October 26, 2020
by Pat Frank
This paper extends the previously published assessment of CMIP5 climate models to the predictive and physical reliability of global average CMIP6 air temperature projections.
Before we move on, a big thank you to Anthony and Charles, the moderators, for providing such an excellent forum for openly communicating ideas and for making my work public. Having a voice is so very important. Especially these days when so many are working to silence it.
I have already reported on the predictive reliability of climate models in Watts Up With That (WUWT) here, here, here and here. Those who prefer a video presentation of their work can find it here. To ensure full transparency, the video review published here by Dr. Patrick Brown (now Prof. Brown at San Jose State University), who was refuted in the comments section below this video from here on.
Those who read these reviews will find that Dr. Brown shows no obvious training in physical failure analysis. He made the same novice-level mistakes that climate modellers often make, which are discussed in detail here and here.
In our debate, Dr. Brown very polite and polite. He looked nice and well meaning. However, when his teachers and mentors did not allow him to evaluate the accuracy and quality of the data, they betrayed him.
Lack of training in data quality assessment appears to be an educational gap for most, if not all, AGW consensus climate scientists. They find no meaning in the critically central distinction between precision and accuracy. There can be no possible advance in science at all if workers are not trained to be critical of the quality of their own data.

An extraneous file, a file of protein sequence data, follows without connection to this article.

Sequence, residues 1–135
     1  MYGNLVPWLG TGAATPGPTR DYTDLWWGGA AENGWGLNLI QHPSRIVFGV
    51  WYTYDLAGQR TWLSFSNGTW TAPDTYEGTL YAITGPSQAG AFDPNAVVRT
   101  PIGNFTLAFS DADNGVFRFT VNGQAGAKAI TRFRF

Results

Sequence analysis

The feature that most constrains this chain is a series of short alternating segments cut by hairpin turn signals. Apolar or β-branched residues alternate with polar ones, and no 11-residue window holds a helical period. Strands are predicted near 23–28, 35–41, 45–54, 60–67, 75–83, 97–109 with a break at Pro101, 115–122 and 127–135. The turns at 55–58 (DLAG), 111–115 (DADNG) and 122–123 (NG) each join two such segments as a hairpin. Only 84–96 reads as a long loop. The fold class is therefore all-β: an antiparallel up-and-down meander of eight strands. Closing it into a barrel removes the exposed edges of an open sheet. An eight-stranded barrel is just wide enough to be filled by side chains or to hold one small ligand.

The best overall description of climate model errors is still Willie Soon et al., 2001 Modeling the Climatic Impacts of Anthropogenic Carbon Dioxide Emissions: Unknowns and Uncertainties. Almost all of the simulation errors and deficiencies described remain to this day.
Jerry Browning recently published a rigorous mathematical physics study that uses the simulation errors described by Willie et al. Reveals at its source. He showed that the incorrectly formulated physical theory in climate models generates discontinuous heating / cooling terms that lead to a reduction in the simulation accuracy by orders of magnitude.
These discontinuities would cause climate simulations to diverge quickly, except that climate modelers suppress them with a hyperviscous (molasses) atmosphere. Jerry's paper offers the way out. Nevertheless, discontinuities and molasses atmospheres remain features of the new improved CMIP6 models.